See, here’s the thing about Halloween costumes. A store-bought costume is all well and good, but I gots ideas, man. Next time you and I are having a beer ask me about my plans for a two-person piñata donkey costume. If you whack us with a stick we’ll drop a bunch of candy out through a trapdoor in the belly. It’s-a-gonna-be-awesome.

pinata

Of course, I don’t have the time to make this. I also must make peace with the idea that I will never, ever, learn how to do DIY vacuum forming and craft myself a suit of Dr. Doom armor. The probability of my constructing an animatronic tarantula the size of a Great Dane approaches zero. Halloween’s an annual exercise in abandoning fun projects before they get started.

But you’ve gotta have a costume, right? Especially since we annually attend a spectacular haunted house/halloween party thrown by good friends of ours out in the boondocks of Hortonville, Wisconsin. Can’t show up there wearing my usual costume of cargo pants and free trade show T-shirts.

As she’s done so many times in the past, the lovely and talented Mrs. Zheng3 pulled my bacon out of the fire with an assist from Amazon prime and MasterCard, and now we’ve got pirate gear aplenty.

But what about next year? And the year after that? We’ve decided that our best option is to commit to the pirate life completely and upgrade our costumes by degrees. This year’s our baseline, and at some point in the next twelve months I’ll buy a nice set of leather boots to replace the cheap vinyl boot-tops that go over my dress shoes.

(The costume has a little tag on the inside that says, I kid you not, DO NOT WASH. Need to replace the shirt ASAP.)

do not wash

Maybe next year I’ll find a flouncy pirate shirt that can do double duty at the renaissance faire. And the year after that I can fall off my wallet and get a nice steel cutlass. And so on and so forth and in five years I’ll have a really great pirate costume just hanging in the closet.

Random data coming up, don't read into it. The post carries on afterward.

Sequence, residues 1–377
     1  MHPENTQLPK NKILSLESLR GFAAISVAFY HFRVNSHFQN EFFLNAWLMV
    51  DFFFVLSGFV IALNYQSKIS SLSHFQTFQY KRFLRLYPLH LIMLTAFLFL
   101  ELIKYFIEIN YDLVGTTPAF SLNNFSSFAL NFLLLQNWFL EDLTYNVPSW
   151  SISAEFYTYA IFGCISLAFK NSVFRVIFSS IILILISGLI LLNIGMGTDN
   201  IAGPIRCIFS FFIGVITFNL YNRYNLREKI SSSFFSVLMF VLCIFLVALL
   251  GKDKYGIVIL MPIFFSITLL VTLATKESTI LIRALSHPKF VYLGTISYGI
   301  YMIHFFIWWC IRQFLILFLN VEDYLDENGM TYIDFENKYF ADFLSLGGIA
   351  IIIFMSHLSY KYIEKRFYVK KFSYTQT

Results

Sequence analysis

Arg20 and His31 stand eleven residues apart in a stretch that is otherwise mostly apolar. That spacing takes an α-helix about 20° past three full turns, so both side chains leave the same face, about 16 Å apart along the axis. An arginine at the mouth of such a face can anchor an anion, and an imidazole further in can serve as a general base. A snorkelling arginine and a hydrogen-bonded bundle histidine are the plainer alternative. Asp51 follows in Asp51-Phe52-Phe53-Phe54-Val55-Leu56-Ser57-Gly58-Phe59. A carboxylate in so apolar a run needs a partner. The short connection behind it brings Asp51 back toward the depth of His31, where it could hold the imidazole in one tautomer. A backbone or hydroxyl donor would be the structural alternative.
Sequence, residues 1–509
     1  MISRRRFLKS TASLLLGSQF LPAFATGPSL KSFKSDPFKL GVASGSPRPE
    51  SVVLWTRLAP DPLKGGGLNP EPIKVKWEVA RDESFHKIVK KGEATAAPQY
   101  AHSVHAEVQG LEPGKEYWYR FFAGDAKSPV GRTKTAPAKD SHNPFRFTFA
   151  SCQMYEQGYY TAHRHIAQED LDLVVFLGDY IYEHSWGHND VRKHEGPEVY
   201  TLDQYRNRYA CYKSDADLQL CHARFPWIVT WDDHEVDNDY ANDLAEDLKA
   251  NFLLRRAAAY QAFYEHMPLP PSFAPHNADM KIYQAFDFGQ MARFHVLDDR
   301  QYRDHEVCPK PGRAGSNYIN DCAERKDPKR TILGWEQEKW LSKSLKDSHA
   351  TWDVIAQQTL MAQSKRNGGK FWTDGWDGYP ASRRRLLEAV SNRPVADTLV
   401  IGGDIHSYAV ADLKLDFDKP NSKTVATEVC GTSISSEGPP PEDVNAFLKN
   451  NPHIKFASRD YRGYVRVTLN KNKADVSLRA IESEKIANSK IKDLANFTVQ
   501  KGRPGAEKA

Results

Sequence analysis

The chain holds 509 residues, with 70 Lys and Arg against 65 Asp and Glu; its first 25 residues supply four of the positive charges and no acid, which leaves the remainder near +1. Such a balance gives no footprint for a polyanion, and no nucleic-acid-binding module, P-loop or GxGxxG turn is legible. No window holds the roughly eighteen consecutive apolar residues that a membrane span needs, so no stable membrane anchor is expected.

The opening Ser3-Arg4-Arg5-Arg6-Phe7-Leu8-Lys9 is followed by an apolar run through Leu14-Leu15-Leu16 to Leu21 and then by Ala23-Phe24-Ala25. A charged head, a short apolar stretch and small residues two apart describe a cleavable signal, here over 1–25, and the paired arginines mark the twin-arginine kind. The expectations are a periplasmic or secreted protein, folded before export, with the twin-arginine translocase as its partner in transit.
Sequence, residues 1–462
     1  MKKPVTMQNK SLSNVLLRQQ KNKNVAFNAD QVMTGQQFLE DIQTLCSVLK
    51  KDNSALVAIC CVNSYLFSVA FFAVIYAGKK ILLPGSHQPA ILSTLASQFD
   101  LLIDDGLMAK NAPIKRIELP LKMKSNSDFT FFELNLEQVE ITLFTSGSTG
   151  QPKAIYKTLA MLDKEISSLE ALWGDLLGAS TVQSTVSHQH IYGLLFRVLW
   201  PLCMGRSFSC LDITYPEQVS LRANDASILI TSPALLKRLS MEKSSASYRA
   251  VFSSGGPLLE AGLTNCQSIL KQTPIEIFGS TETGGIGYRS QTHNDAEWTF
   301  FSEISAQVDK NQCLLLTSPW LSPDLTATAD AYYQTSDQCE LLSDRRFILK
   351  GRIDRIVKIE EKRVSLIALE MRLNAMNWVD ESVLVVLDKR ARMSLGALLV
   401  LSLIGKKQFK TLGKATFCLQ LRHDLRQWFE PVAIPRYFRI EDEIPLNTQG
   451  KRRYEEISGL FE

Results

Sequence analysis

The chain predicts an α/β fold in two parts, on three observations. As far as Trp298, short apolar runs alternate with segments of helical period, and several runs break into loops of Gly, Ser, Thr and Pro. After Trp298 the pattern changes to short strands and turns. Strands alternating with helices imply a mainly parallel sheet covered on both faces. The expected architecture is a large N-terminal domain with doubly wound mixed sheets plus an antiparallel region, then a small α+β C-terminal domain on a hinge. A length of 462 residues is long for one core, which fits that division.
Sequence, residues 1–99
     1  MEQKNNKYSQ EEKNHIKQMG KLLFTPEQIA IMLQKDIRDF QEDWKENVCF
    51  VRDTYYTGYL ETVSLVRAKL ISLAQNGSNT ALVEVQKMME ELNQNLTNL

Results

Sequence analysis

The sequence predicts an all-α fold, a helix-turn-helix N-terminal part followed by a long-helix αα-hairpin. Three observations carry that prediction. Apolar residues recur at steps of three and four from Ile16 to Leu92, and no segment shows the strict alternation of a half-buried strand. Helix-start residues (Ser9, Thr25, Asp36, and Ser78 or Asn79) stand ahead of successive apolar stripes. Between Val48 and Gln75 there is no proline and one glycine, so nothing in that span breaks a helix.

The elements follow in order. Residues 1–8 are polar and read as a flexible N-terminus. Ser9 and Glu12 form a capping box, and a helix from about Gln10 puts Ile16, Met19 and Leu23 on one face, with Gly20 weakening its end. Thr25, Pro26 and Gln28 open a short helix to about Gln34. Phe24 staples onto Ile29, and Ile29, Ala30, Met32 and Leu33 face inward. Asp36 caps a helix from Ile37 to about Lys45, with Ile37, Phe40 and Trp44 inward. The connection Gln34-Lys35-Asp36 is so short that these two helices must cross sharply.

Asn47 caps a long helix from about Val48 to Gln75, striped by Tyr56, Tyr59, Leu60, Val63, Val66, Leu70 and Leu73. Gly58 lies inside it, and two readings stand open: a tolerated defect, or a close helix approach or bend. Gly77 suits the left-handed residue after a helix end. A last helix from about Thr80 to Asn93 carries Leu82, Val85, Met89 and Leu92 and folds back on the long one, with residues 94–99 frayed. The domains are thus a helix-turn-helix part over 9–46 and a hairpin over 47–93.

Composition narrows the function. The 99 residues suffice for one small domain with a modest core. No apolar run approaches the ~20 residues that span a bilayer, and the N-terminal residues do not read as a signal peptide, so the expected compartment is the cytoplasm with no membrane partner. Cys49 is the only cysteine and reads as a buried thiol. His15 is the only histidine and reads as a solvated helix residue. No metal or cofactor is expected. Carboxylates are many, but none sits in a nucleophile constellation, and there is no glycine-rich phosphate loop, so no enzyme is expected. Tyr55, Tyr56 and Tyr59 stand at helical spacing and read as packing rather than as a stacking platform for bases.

We also bought a polystyrene parrot accessory. He doesn’t look too bad for $10 but the UX could use some love. At the most basic level, it’d be nice if I didn’t have to worry about my bird falling off to join the choir invisible every time I reach for the guacamole.

Plutarch’s original feet have two problems. First, they look nothing like actual parrot feet. Parrot feet are weird, and these are clearly sparrow feet repurposed by an overworked factory manager in Guangzhou.

original feet

Second, the feet don’t ship with a convenient way to attach to the wearer. Plutarch ships with a shoelace-like strap that’s halfheartedly hot-glued to his sole, intended to loop under his owner’s armpit. You’ll see from the Amazon reviews that this is a less-than-optimal solution.

Magnets are my go-to solution for holding things together. A while ago I bought a passel of tiny neodymium magnets for some long-forgotten purpose, and I still have about fifty of them left. A few minutes tweaking a cube in Maya gets me a pair of parrot feet with little sockets for the magnets. The magnets are friction-fit, but being a belt-and-suspenders type of hominid I’ve super glued them in.

feet magnets

A steel tuna fish can lid, easily hand-bent to be convex, hides under my clothing. I’ve covered the lid in athletic tape because it’ll be under a white shirt eventually and I don’t want it to show through.

feet pauldron

Besides, I’m nursing a rotator cuff injury, again, and have no other use for my athletic tape for at least a month. Feh.

Also, Coco gives approximately 6.02×10-23 f_cks about this parrot.

These feet are printed flat in ColorFabb signal yellow PLA/PHA, which is easy enough to deform post-print with a little bit of heat. A few months ago I bought this great little heat gun for heat-shrink tubing and it does a fine job helping me mold Plutarch’s toes to my shoulder.

plutarch shoulder

In the long term I’d like to put some motor control into Plutarch’s head so that he can swivel to look at stuff. And a webcam. And a speaker. And wireless control so that I can control the parrot from across the room.

I’ve already got a wee servo on order from Adafruit, so that’ll be next weekend’s project.

Like I said, I gots ideas. Check back in a year and we’ll see how far I’ve gotten.

Why Plutarch? Ship of Theseus, grandfather’s axe, and all that.

Lao Zheng out.